FIG. 7A is a timing diagram illustrating large timing offset measurement and correction in the present invention when no inversion occurs during the dead time; it includes a graphic representation of the variation of the estimated variance as a function of time, and of the synchronizer output as a function of time.
FIG. 7B is an illustration of timing offset measurement and correction in the case where inversions occur during the dead time. It includes a graphic representation of the variation of the estimated variance as a function of time, and of the synchronizer output as a function of time.
FIG. 8A is a schematic diagram of the carrier tracking system.
FIG. 8B is an illustration of the functioning of the carrier tracking system.
FIGS. 9A-9B illustrate the action of the signal space-slicer for a 64 QAM constellation.
FIG. 10 is a schematic diagram of the decision directed adaptive feedback filter of the receiver of FIG. 1.
FIG. 11 is a flow diagram of the error-directed digital receiver controller decision process.
FIGS. 12A-12D are several typical error plots for different receiver convergence scenarios.
FIGS. 13A-13E to 19A-19E are a set of simulation results for 64 QAM and 256 QAM signals.
FIGS. 20A-20L show a typical evolution of the transfer function of the adaptive feedforward filter during the convergence process of the receiver.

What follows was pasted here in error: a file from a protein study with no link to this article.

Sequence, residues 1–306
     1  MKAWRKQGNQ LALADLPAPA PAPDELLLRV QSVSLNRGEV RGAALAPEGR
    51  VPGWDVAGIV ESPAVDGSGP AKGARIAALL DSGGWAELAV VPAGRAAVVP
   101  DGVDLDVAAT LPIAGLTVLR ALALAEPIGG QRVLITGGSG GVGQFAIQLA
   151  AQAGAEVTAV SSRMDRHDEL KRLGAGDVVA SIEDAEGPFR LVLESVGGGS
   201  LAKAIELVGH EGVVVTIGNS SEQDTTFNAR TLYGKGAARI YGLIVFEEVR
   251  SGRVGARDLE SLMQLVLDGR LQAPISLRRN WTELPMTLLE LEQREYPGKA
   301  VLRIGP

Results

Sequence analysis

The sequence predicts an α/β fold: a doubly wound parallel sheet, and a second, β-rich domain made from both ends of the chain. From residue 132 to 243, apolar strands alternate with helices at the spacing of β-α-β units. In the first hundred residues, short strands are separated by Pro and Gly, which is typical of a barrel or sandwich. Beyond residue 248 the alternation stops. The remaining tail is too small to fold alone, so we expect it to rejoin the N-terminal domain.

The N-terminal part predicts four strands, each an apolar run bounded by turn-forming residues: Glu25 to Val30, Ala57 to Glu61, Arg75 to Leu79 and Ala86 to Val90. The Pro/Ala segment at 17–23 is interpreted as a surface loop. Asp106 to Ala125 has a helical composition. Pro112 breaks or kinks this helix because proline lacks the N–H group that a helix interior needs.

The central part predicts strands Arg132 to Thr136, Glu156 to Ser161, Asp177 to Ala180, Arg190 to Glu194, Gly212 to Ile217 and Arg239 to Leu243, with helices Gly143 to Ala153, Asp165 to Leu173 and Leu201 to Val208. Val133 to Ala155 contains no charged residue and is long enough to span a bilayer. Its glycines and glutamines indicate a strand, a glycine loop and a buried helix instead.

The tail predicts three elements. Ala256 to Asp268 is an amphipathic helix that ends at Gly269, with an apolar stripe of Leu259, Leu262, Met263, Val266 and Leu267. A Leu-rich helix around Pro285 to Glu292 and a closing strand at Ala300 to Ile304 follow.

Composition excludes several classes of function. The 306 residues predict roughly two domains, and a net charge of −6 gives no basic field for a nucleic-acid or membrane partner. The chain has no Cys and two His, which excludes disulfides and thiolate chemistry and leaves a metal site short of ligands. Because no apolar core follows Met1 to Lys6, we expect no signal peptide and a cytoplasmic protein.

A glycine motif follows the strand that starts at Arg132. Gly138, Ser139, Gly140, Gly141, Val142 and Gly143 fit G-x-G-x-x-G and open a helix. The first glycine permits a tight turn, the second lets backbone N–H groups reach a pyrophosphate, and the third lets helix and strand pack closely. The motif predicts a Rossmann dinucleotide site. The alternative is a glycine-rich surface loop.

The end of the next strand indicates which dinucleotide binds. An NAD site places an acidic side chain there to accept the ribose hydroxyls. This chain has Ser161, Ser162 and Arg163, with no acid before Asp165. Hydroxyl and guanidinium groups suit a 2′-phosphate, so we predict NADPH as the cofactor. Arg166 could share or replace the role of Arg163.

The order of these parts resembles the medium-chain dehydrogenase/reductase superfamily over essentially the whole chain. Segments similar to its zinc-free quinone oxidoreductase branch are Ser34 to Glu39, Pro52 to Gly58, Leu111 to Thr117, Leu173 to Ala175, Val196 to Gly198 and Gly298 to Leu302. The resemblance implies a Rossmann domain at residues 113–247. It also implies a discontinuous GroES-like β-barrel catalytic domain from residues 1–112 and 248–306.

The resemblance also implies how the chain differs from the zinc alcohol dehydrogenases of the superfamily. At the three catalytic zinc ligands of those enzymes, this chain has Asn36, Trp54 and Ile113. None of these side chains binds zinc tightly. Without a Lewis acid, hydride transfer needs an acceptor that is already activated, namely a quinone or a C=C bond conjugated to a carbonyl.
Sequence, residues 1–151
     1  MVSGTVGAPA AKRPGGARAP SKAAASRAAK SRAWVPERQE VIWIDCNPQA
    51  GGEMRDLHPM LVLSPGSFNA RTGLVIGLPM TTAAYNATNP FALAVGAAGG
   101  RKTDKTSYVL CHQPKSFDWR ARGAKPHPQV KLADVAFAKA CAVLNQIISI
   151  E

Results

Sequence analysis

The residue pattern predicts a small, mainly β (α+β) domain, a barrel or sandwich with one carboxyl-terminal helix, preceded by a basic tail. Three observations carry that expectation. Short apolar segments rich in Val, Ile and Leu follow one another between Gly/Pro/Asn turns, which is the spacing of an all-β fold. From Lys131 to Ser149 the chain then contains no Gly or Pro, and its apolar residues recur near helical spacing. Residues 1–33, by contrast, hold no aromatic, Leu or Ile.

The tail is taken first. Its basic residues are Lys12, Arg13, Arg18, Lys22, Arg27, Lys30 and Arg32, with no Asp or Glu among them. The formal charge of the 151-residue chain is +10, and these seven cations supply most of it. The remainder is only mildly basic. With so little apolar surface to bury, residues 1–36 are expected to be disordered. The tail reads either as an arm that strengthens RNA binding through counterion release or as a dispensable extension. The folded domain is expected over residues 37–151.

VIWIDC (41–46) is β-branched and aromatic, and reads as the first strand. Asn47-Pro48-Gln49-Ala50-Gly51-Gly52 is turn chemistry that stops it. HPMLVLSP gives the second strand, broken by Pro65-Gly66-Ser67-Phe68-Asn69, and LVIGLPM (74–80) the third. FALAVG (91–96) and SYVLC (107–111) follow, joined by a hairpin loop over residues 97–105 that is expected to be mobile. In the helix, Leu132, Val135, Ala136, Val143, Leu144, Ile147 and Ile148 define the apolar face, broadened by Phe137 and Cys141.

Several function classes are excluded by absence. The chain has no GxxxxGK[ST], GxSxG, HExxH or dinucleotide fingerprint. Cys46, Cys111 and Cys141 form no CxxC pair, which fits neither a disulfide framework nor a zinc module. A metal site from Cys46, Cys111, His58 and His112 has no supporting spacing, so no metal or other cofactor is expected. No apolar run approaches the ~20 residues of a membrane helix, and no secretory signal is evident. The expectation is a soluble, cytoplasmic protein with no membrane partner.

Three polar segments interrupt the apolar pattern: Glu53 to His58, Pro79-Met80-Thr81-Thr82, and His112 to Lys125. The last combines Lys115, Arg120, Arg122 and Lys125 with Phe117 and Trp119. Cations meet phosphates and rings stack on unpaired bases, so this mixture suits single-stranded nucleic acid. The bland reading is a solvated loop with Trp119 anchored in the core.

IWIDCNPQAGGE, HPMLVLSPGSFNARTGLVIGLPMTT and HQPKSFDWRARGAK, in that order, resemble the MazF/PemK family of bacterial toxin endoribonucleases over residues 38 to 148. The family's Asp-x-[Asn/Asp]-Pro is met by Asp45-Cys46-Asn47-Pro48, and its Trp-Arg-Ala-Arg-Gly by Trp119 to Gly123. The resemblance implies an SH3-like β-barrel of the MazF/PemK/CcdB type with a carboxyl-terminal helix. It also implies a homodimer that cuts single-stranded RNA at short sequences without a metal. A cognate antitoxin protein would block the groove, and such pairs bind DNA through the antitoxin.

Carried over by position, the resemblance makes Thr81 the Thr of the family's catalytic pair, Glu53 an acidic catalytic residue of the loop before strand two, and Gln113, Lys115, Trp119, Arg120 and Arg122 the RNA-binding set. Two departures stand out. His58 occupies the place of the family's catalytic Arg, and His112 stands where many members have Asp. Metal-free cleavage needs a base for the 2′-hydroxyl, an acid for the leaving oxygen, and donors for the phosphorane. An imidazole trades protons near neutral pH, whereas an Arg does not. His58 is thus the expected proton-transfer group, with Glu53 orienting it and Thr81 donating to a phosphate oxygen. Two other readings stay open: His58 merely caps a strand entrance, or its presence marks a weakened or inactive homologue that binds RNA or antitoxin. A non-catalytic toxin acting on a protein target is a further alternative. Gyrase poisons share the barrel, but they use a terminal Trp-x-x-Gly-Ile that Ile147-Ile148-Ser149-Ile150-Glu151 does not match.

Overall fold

FIG. 1 illustrates the overall architecture and the fundamental subsystems of a digital receiver that incorporates the principles of the present invention.
The present invention provides very good performance in the demodulation of digital data transmitted over distorted channels such as cable systems used for the transmission of television signals by providing a receiver having a fractionally-spaced filter 32 which implements an equalizer with a blind mode and a conscious mode for adapting its coefficients; a polyphase resampler 24 to select the appropriate data samples; a probabilistic synchronizer 34 and a coefficient drift estimator 36 to control the timing of the sampling mechanism; a carrier tracking system 44 to correct for phase offset and rotation; a decision-directed adaptive intersymbol interference canceler 46; a signal space slicer 50 to extract the demodulated data and an error directed state machine 30 to control the different functions of the receiver.